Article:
They also found, to their surprise, that skill at abstract reasoning played no role at all in a person’s proficiency at solving a crossword puzzle - whether young or old. Simple knowledge - experience - made the difference.
“In other words,” says Salthouse, “some jobs require rapid problem solving, where people are always performing to the limits - professional athletes and air traffic controllers, for example. But many jobs are like crossword puzzles. Novel problem solving is less important than experience.”
Thus, says Salthouse, the study suggests that even though older people may not perform as well in spontaneous activities, they can do the job just as well if they have experience in that field.
Banking on success
But what if they have no experience in a field?
That was an issue raised by Wendy Rogers, PhD, at Georgia Tech, with her study of automatic teller machine (ATM) usage - conducted with Elizabeth Cabrera, PhD, and Neff Walker, PhD, and published in Human Factors (Vol. 38, p.156-166).
Not surprisingly, they found younger adults more likely to use ATMs than older adults are. But in all age groups, ATM users took advantage of more technologies and had more experience with computers. Nonusers avoided ATMs because they felt unsafe or uncomfortable dealing with machines.
During the subsequent two decades, there have been a number of epidemiological studies that have examined the population frequency and predictors of successful aging using various operationalized definitions. Depp and Jeste identified 28 studies with sample sizes greater than 100, published in English-language journals, and including adults over age 60. Across the operational definitions provided in these studies, there were 14 components of successful aging used. Physical functioning and freedom from disability were included in nearly every definition, but no other component was present in more than 50% of the studies. Overall, in 28 studies there were 29 different definitions used for successful aging. Therefore, little agreement existed among researchers regarding the elements of successful aging, beyond physical functioning.
A smaller subset of studies has used qualitative methods (e.g., focus groups, surveys, personal interviews) to identify the components of successful aging. These studies provide an interesting contrast to quantitative studies, which focused more on physical and functional attributes. In qualitative studies, older adults were much more likely to emphasize adaptation to illnesses and other psychological traits (e.g., optimism; sense of purpose) as well as engagement (e.g., social relationships) in their concepts of successful aging. Among qualitative studies, the perspectives of older adults appeared to differ somewhat by the method used (e.g., focus groups emphasized shared experiences related to aging, whereas individual interviews focused more on developmental trajectories) and by culture of origin (e.g., older Japanese people cited belonging vs. American emphasis on independence).
The point, says Rogers: Older adults who don’t use ATMs are penalizing themselves. “They are falling behind in everyday living,” she says.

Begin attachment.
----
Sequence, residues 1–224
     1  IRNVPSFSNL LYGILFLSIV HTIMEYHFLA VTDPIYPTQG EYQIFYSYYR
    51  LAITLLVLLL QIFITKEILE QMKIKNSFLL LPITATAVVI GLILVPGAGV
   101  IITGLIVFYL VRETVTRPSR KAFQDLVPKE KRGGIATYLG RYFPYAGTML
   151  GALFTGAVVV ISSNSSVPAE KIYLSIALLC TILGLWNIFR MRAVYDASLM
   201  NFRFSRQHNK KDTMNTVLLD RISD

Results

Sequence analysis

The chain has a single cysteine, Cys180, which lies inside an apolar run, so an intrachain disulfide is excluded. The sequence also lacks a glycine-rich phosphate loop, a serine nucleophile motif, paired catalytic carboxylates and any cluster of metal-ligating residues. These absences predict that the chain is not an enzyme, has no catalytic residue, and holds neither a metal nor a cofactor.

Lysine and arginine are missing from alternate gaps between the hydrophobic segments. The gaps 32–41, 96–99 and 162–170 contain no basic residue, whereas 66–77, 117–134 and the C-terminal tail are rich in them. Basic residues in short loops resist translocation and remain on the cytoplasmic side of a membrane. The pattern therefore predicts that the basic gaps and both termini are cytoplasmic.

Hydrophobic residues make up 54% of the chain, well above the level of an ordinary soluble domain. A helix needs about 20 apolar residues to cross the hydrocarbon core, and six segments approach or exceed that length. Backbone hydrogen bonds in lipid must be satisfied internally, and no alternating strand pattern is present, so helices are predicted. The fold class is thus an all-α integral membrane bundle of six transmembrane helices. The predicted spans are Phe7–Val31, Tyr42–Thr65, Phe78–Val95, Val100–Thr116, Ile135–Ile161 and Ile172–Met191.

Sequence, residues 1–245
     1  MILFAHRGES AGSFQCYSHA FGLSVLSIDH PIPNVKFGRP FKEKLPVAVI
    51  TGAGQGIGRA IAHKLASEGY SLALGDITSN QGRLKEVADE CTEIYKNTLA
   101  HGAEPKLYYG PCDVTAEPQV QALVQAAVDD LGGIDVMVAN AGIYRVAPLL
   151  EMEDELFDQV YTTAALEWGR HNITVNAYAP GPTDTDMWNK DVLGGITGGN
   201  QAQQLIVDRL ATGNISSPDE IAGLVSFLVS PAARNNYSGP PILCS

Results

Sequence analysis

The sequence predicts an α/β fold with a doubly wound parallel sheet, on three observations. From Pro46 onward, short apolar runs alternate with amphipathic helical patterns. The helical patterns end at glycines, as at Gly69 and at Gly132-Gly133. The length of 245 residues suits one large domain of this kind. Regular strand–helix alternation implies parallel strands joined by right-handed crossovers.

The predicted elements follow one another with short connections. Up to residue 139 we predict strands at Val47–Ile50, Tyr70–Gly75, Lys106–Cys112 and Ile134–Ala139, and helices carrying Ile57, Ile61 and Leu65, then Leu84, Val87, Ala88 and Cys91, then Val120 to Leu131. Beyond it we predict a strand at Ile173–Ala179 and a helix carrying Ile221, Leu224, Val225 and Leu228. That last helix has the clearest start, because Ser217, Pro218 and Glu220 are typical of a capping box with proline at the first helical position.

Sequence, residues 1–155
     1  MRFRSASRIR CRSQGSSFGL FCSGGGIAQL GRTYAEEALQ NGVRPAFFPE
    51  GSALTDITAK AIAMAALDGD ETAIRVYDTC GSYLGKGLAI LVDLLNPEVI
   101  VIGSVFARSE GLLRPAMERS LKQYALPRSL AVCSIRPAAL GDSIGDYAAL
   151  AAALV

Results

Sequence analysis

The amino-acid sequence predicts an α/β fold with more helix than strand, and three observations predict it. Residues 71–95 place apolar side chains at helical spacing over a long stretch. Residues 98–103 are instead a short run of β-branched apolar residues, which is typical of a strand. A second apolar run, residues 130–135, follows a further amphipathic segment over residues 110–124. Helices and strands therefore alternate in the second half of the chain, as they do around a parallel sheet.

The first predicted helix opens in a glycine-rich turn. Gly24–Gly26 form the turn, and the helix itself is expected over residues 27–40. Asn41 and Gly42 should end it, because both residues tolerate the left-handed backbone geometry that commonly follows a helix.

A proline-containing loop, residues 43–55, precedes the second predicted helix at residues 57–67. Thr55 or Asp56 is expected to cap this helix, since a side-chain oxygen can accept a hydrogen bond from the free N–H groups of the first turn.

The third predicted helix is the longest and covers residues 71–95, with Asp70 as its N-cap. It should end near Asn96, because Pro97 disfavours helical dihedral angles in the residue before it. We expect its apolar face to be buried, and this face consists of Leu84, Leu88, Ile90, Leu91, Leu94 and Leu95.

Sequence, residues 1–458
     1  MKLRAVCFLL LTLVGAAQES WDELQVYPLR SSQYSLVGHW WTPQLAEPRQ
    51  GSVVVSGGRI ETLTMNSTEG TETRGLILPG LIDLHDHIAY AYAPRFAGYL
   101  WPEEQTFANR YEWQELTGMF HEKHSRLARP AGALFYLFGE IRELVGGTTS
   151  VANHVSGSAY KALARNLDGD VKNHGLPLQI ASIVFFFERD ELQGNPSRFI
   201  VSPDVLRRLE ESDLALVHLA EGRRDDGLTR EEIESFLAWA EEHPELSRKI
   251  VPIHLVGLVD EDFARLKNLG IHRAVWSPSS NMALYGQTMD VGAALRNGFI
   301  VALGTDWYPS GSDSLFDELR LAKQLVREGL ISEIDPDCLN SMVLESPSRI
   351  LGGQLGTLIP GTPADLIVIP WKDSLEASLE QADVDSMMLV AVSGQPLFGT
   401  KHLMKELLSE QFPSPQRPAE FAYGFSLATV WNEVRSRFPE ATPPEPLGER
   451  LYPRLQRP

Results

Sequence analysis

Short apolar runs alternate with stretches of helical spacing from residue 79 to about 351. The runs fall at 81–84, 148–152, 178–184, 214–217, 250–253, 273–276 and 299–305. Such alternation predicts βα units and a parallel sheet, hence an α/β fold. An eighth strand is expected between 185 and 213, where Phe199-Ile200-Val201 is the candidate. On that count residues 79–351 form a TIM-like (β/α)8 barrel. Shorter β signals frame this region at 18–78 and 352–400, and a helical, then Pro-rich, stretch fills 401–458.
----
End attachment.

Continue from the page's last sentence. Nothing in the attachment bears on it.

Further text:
But older people certainly can lead independent lives - with training, she adds. For instance, home health-care technology has begun to produce devices that would allow older patients to care for themselves. So researchers are now working on ways to make blood pressure and blood glucose devices easy for older adults to operate, says Rogers.
Similarly, she’d like to see psychologists design training programs for these types of new technologies.
“The best predictor of who will use the [home health] machines is someone who used technology previously,” says Rogers. “Those people are more quick to adapt.”
There are even training methods to make it more fun for people to adapt. Lawrence C. Katz, PhD, a professor of neurobiology at Duke University says his easy-to-perform “neurobic exercises” help the brain to not only maintain connections between nerve cells - and thus preserve memory recall - but aid in developing new connections.
Those exercises are at the heart of his book “Keep Your Brain Alive,” (Workman, 1999) co-authored by Manning Rubin.
“The mental decline most people experience is not due to the steady death of nerve cells,” says Katz. Rather, it is the atrophy of connections between nerve cells in the brain. Contributing to such atrophy, he says, are routine behaviors, many of them almost subconscious, that require little brainpower.
“It’s startling to realize just how predictable and free from surprises our everyday lives really are,” he says.
Neurobics is based on two principles, he says: “Experience the unexpected and enlist the aid of all of your senses during the course of the day.”
For instance, he suggests listening to a piece of music while smelling a particular aroma. Or turning the photographs on your desk or the clock on your wall upside down to completely engage your attention. Or take a completely new route to work to break your routine.
In developing his exercises, Katz says it was important not to set a single standard for everyone, “Because some people would give up after repeated failure,” he explains. “The important thing is not to force people to do things that they can’t do, or to provide exercises that bore them.”
Thus, he stresses the offbeat and the element of fun.
“Do something that challenges and engages your mind,” he says, “not because it’s difficult, but because it’s different from what you normally do.”